Management of Agroecological Transitions Within Diversified Farms
Marie Dupré1, Thierry Michels1, Pierre-Yves Le Gal2
1French Agricultural Research Centre for Intern. Development (CIRAD), UR HortSys, France
Agroecological systems should integrate increased cultivated and non-cultivated biodiversity in order to achieve their objectives. However, studies on agroecological transitions have been mainly conducted on highly specialised farms. This study aims to understand how farmers manage agroecological transitions in farms combining different crop and livestock productions. A generic framework was applied to compare crop/livestock production managements within thirty diversified farms cultivating citrus in the Réunion Island. The sample covered multiple forms of diversification: farmers growing a diversity of fruit trees, farmers combining fruit trees with semi-perennial fruit species and market-gardening, and farmers combining crop and livestock productions. Trajectories of practices were also investigated to rebuild the sequence of changes' introduction in each farm. The study showed firstly that constraints and opportunities to agroecological transitions were specific to each production. These specificities included both agronomic features, such as sensitivity to pests, perennial or annual nature, open-air or confined farming and surface areas, and economic features, such as market demand, product traceability, added-value and alternative input availability. Then, interactions between productions appeared to facilitate a progressive transition for farmers. Benefic exchanges of information, matter and labour were identified. Some farmers tested alternative practices at first on one production, such as mechanical weeding, and then extended the successful practices to other productions. They could innovate on their main production for which they allocated more time, for instance by introducing cover crops. Or they could innovate on secondary productions for which they could take more risks, by reducing significantly synthetic inputs use. Biological processes were enhanced by matter exchanges between productions, especially on farms combining crops and livestock. Labor organisation was improved by some alternative practices with different labour period or frequency, such as chemical traps or mulching. The specific features of each production may complicate the design, the support and the management of agroecological diversified farming systems, but diversification enhances agroecological transition because of production synergism and low-risk progressive pathways of change.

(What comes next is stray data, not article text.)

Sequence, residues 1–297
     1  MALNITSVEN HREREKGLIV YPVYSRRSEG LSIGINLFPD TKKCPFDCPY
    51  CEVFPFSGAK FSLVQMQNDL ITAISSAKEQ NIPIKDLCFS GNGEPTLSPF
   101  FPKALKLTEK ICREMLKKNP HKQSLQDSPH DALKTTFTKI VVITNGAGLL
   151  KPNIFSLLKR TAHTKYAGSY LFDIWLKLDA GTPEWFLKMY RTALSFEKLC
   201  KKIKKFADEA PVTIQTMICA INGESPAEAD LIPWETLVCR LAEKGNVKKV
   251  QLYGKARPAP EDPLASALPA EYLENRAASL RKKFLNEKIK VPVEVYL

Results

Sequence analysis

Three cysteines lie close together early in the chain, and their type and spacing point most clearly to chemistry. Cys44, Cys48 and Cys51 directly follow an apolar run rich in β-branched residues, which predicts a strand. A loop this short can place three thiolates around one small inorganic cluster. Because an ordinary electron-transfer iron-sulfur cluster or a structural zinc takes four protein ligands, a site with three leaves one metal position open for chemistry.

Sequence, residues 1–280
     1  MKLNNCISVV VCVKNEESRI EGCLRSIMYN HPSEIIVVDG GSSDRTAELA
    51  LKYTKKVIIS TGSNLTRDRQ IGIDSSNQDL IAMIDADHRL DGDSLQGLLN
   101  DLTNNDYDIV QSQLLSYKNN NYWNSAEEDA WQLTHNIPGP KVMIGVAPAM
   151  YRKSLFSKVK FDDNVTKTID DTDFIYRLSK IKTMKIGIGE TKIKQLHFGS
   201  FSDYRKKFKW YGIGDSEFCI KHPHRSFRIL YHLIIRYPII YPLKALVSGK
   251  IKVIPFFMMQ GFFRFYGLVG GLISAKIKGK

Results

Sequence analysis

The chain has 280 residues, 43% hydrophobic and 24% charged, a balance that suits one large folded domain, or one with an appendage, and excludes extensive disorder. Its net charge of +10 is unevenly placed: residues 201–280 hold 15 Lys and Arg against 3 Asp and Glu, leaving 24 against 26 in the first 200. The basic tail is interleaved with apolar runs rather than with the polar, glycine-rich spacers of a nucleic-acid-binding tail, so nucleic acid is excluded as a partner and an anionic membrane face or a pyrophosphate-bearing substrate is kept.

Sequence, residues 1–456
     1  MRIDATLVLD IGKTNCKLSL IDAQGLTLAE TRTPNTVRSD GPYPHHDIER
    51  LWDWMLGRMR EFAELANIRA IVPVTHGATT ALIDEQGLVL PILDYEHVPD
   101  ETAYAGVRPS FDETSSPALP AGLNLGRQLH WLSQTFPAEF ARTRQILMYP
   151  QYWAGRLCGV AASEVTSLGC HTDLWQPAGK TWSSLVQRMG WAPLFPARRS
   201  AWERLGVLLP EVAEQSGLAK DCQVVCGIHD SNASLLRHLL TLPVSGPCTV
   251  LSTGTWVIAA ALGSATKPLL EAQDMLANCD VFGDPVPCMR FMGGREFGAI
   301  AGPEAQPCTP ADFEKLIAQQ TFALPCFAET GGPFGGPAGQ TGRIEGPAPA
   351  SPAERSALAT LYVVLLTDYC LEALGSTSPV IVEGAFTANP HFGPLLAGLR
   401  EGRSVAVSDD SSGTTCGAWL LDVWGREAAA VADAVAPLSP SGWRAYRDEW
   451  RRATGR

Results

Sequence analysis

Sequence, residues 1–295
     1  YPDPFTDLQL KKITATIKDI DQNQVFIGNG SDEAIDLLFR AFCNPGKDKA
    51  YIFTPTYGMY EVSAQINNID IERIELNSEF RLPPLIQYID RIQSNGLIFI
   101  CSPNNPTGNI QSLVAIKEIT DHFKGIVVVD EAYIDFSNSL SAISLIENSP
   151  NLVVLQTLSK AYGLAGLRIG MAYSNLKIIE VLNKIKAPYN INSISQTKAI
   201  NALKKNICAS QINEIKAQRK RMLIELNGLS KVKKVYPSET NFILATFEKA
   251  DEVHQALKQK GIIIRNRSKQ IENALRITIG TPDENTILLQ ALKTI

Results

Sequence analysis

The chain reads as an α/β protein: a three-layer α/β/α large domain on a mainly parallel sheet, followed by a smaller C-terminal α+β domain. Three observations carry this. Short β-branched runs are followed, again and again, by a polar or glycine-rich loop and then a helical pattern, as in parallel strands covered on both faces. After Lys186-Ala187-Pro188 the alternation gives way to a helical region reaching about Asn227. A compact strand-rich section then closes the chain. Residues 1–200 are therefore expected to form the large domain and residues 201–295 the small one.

Keywords: Agroecology, diversification, dynamics of change, farm level
Contact Address: Marie Dupré, French Agricultural Research Centre for Intern. Development (CIRAD), UR HortSys, Montpellier, France, e-mail: marie.duprecirad.fr